US builds case against Assange


The next court hearing for Julian Assange in London is scheduled to begin around 930am ET on Thursday. Assange is currently being held in London's Wandsworth prison (that's him in the van, above); Sweden wants him extradited over alleged sex crimes.

The US wants him for something else. In the New York Times this evening, Charlie Savage reports on the case federal prosecutors are trying to build against Assange, over the publication of classified government documents. Key to their efforts would be any evidence that Assange worked to encourage or assist Bradley Manning, the Army intelligence analyst suspected of leaking the data (he's in the Marine brig in Quantico, VA). Snip from the NYT story:

Justice Department officials are trying to find out whether Mr. Assange encouraged or even helped the analyst, Pfc. Bradley Manning, to extract classified military and State Department files from a government computer system. If he did so, they believe they could charge him as a conspirator in the leak, not just as a passive recipient of the documents who then published them.

Among materials prosecutors are studying is an online chat log in which Private Manning is said to claim that he had been directly communicating with Mr. Assange using an encrypted Internet conferencing service as the soldier was downloading government files. Private Manning is also said to have claimed that Mr. Assange gave him access to a dedicated server for uploading some of them to WikiLeaks.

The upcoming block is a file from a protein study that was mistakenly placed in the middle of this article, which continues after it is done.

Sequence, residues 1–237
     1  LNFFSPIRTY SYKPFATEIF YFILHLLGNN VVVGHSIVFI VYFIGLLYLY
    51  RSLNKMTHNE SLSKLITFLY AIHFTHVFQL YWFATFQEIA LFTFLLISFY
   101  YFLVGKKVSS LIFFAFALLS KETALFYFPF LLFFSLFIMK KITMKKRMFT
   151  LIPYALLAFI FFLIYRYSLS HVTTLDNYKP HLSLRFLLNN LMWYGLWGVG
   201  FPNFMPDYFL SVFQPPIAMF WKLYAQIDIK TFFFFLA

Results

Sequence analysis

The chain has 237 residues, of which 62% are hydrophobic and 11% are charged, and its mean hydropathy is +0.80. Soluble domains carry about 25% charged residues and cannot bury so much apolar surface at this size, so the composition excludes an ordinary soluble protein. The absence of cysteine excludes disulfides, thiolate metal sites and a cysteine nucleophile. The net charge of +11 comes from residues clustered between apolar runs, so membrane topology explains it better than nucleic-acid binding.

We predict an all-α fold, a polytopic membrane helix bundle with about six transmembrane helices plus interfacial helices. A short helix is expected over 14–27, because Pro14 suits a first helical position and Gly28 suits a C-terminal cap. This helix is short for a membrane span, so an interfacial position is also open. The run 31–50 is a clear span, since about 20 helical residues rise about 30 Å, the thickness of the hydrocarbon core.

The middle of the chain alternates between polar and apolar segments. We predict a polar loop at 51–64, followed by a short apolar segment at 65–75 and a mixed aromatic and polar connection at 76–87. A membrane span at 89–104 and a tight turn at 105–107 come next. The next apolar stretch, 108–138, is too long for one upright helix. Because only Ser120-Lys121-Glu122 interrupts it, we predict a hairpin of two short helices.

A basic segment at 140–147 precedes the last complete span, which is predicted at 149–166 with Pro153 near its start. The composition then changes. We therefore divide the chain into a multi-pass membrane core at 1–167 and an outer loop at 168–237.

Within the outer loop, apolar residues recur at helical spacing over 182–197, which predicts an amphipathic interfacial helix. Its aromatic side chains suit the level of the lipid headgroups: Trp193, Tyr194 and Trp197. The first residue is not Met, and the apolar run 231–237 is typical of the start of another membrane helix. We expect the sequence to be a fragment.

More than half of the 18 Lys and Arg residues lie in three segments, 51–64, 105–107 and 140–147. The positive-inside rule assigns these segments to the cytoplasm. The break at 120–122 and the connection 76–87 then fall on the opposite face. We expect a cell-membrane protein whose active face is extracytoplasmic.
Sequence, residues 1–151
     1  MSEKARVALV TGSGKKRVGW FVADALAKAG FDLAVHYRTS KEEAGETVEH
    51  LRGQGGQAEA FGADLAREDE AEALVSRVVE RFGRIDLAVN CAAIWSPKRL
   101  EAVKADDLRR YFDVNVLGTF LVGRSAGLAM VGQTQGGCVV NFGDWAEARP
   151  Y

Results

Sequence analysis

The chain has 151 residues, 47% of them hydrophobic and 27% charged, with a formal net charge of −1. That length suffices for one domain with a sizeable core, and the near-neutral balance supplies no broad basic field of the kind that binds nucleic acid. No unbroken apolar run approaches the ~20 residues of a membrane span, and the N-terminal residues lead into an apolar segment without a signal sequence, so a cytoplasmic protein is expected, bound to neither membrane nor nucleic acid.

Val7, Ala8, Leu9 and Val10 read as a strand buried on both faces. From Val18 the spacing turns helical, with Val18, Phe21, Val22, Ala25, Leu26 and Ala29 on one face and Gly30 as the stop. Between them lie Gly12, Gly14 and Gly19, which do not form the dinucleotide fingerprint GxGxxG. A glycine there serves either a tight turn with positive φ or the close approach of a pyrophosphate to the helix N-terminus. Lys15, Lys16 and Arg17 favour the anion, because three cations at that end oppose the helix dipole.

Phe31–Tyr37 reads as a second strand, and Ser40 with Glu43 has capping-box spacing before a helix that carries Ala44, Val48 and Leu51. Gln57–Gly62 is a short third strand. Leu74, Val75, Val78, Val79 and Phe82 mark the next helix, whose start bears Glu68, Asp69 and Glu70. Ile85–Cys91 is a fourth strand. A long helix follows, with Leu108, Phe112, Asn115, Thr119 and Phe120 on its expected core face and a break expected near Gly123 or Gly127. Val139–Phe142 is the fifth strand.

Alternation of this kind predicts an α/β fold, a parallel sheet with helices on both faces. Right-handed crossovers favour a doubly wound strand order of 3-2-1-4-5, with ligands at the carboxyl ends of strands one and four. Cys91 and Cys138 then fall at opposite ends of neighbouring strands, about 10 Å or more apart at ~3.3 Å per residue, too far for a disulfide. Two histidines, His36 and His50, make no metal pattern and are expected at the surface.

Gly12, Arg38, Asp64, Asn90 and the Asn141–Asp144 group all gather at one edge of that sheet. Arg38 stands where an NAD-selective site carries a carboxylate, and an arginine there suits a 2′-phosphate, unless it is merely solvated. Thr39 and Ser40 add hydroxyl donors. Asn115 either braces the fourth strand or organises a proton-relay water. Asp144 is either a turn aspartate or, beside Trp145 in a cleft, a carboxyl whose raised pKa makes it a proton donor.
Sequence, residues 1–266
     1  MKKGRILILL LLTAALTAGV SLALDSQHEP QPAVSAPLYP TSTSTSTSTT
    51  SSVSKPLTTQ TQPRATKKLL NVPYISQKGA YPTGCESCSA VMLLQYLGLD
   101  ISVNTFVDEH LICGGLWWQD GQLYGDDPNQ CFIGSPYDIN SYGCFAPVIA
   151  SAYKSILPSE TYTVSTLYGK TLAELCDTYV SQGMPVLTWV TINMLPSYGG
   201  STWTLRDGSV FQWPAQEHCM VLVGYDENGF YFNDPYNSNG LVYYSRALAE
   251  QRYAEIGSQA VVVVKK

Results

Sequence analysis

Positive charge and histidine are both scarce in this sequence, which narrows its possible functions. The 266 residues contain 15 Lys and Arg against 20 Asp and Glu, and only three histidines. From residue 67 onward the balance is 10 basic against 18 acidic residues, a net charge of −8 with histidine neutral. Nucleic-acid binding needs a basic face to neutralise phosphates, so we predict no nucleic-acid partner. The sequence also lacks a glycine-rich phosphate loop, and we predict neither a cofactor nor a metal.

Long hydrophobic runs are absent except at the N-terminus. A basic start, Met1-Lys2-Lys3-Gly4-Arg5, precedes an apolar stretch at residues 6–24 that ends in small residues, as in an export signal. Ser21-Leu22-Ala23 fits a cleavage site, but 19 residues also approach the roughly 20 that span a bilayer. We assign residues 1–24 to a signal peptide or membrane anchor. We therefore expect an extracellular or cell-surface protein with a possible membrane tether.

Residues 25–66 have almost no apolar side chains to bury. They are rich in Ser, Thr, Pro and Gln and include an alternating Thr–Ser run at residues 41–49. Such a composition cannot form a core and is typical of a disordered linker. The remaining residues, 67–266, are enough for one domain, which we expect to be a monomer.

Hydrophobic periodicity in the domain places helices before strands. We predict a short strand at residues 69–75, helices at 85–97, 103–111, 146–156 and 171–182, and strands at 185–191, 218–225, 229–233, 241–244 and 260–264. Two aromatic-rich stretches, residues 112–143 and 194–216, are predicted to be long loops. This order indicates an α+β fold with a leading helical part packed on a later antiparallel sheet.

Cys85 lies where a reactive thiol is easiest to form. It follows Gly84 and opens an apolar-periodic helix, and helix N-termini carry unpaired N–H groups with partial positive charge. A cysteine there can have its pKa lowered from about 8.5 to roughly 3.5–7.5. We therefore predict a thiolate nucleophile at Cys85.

Read the rest.

Wired's Kevin Poulsen, who has been covering this story longer than anyone, pointed out on Twitter that "The Times missed it, but we did publish that section of the chats. Beginning [with] 'preferably openssl the file with aes-256." And as Poulsen noted, if Assange was not in communication with Manning during the period in which Manning had access to SIPRnet (the military network on which these documents were made available) the government has no case. "If Assange is indicted," Poulsen wrote, "I predict it won't be the Espionage Act. It'll be conspiracy to violate 18 USC 1030(a)(1)."

Related: Human Rights Watch today became the latest human rights group to condemn the US government's plans to attempt to prosecute Assange and Wikileaks.

Prosecuting WikiLeaks for publishing leaked documents would set a terrible precedent that will be eagerly grasped by other governments, particularly those with a record of trying to muzzle legitimate political reporting.

A statement on the Wikileaks situation by journalists' advocacy group PEN is here.

(Photo: A van carrying WikiLeaks founder Julian Assange enters Wandsworth prison in south west London December 14, 2010. A British judge granted bail of 200,000 pounds, about $317,400, on Tuesday for his release. Prosecutors, representing Swedish authorities, quickly said they would appeal against the bail decision and Judge Howard Riddle said Assange must remain in custody until a new hearing is held within 48 hours. REUTERS/Andrew Winning.)